Our Approach

Complex challenges demand comprehensive solutions. Thriving Cities Group applies civic design, a human-centered, multi-disciplinary approach that engages thought leadership, community engagement, data, technology, and research to tackle 3 fundamental challenges facing cities today. Each of our proprietary approaches corresponds to a key challenge, or problem, that we pose as a core question: 

CIVIC CHALLENGE:
MAn OR Machine? 

The cities we know today were built to meet the needs of an industrial age. They are designed, like machines, to reward economic efficiency and specialization. But that assembly-line ethos has also created silos of activity that artificially divide and dissect city life.

CIVIC CHALLENGE:
Chicken or Egg?

Over the past 50 years America has seen a steady and alarming decline in civil society and civic engagement. Today, less than 15% of urban residents vote in local elections and more than 33% of Americans confess to having never met their neighbors.

Civic Challenge:
Which Golden rule?
 

"Treat others how you want to be treated” is the golden rule cities are wise to follow. Unfortunately, too often, cities misapply this truth and instead function with the understanding that “whoever has the gold makes the rules.”  
 

Civic Challenge: Man or Machine

The cities we know today were built to meet the needs of an industrial age. They are designed, like machines, to reward economic efficiency and specialization. But that assembly-line ethos has also created silos of activity that artificially divide and dissect city life.

We believe cities are more than just machines. They work best when they are able -- like the vibrant, diverse, and complex people who live in them -- to grow in ways that are increasingly integrated, cooperative, responsive, and healthy.

 
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A New Civic Paradigm: The Human Ecology

That is why Thriving Cities Group developed the Human Ecology Framework, a new civic paradigm for understanding and assessing urban thriving for the 21st century. Our civic paradigm is comprised of six fundamental community endowments.

Want to learn more about the six endowments? Download our PDF.

Human Ecology at Work:

Civic Challenge: Chicken or Egg?

Over the past 50 years America has seen a steady and alarming decline in civil society and civic engagement. Today, less than 15% of urban residents vote in local elections and more than 33% of Americans confess to having never met their neighbors.

But Democracy can’t function in the absence of community engagement and community trust. So how does a community build the trust and engagement it needs if it is lacking the trust and engagement needed to build it? That is the chicken-or-egg challenge American cities are facing today.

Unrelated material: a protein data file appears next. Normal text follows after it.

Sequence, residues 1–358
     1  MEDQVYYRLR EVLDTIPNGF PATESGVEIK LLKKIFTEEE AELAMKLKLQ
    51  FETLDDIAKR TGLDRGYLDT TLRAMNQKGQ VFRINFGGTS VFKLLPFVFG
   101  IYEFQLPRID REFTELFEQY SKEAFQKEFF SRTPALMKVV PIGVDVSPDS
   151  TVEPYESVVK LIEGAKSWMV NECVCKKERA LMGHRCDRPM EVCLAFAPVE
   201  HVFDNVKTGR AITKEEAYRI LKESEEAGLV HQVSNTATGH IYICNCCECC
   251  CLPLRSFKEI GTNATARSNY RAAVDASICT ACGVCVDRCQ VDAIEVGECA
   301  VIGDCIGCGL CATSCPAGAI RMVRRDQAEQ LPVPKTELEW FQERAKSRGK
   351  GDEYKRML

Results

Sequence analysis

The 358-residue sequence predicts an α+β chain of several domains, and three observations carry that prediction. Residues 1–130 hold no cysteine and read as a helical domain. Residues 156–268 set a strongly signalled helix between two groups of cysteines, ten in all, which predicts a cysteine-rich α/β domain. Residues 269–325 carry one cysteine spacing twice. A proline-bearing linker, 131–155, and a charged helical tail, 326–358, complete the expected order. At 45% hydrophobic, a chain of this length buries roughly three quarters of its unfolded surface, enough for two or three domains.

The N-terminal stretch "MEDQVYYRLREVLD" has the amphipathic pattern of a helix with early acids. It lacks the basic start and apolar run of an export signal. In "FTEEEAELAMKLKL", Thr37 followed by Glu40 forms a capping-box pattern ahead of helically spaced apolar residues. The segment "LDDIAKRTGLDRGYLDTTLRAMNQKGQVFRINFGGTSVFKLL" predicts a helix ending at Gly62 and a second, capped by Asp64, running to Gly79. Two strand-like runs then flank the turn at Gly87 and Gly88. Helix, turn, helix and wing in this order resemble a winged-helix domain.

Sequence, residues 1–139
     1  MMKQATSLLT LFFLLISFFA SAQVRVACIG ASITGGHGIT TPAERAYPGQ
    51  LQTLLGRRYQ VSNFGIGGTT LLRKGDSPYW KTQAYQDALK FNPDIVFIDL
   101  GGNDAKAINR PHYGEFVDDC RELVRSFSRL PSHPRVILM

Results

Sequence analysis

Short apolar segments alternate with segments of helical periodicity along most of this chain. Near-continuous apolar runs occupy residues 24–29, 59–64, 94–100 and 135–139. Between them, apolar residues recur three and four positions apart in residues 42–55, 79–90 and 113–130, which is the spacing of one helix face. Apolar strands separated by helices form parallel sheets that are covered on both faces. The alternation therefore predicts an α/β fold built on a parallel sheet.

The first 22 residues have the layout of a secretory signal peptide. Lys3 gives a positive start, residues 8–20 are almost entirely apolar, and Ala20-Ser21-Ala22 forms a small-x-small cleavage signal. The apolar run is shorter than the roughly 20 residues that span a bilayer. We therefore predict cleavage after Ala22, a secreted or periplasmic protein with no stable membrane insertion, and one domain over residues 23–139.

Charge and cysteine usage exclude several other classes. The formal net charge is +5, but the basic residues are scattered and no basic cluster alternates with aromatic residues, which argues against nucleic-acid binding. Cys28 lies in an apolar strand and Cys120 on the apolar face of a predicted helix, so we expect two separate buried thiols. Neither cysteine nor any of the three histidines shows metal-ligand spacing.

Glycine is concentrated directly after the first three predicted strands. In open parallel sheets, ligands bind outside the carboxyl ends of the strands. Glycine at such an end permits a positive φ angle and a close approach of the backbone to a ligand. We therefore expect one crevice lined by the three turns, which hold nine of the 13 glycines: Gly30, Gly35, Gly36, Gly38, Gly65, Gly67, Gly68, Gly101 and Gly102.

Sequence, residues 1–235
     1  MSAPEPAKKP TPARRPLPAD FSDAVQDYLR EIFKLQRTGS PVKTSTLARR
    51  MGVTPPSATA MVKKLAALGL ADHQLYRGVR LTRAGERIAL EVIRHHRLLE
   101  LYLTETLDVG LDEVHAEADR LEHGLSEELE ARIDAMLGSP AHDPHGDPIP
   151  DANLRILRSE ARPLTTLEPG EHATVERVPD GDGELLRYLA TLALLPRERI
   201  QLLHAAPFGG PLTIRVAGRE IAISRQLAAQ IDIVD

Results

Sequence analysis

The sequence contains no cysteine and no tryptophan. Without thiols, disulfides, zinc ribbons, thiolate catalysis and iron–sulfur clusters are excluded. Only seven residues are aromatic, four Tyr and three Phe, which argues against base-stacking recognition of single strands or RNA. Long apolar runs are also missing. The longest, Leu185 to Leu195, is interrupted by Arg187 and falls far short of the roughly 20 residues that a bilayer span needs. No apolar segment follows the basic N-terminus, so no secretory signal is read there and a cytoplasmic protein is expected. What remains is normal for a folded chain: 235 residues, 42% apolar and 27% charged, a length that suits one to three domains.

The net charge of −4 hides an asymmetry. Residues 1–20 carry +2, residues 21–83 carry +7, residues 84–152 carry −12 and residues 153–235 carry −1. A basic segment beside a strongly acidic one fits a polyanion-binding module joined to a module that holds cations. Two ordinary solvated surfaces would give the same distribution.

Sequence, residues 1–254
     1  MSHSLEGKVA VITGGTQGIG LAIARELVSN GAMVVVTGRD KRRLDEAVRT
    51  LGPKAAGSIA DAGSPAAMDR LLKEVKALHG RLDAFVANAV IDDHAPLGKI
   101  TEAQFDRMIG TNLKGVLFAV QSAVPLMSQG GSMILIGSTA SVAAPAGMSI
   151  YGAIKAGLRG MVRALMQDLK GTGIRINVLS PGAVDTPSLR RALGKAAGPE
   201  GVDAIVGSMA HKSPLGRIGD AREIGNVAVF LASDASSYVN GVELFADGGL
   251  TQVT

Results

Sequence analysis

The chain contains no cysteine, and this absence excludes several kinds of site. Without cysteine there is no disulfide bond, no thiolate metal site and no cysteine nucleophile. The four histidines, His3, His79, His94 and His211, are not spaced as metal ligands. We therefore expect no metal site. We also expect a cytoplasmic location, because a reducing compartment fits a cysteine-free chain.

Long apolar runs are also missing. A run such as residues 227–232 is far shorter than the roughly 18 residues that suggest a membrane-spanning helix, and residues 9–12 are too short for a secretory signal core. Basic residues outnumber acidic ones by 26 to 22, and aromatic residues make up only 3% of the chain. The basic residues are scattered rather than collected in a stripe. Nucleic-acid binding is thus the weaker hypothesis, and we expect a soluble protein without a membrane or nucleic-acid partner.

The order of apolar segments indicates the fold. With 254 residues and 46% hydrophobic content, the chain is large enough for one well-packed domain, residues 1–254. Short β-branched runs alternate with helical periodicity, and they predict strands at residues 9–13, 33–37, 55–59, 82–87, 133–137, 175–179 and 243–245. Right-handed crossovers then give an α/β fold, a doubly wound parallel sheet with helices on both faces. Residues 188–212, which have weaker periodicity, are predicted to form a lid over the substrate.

A New Civic Process

The Civic Design Cycle is a method of community engagement that seeks to build the will and ability of city residents to be decision-makers in their community’s renewal and thriving.

Its four-step process aims to create investable opportunities, especially in divested areas, and to do so in a way that empowers local residents to lead and sustain change in their communities.

Civic Design Cycle at Work:

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Civic Challenge: The Golden Rule

"Treat others how you want to be treated” is the golden rule cities are wise to follow. Unfortunately, too often, cities misapply this truth and instead function with the understanding that “whoever has the gold makes the rules.”  

In an increasingly pluralistic and diverse urban landscape finding structural and systemic ways to engage long-neglected voices and perspectives is crucial for cities to foster and sustain communities that thrive.

 
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A New Civic Practice

The City Voice Ensemble is a proprietary method for generating better community intelligence by drawing into conversation four key stakeholders:

  • Philanthropic Investors who want to see their resources well-used for good.
  • Non-profit Innovators working to bring change to their communities.
  • Community Residents who know their communities best.
  • Scholarly and Practitioner Researchers who know what strategies are proven to work.

City Voice Ensemble at Work: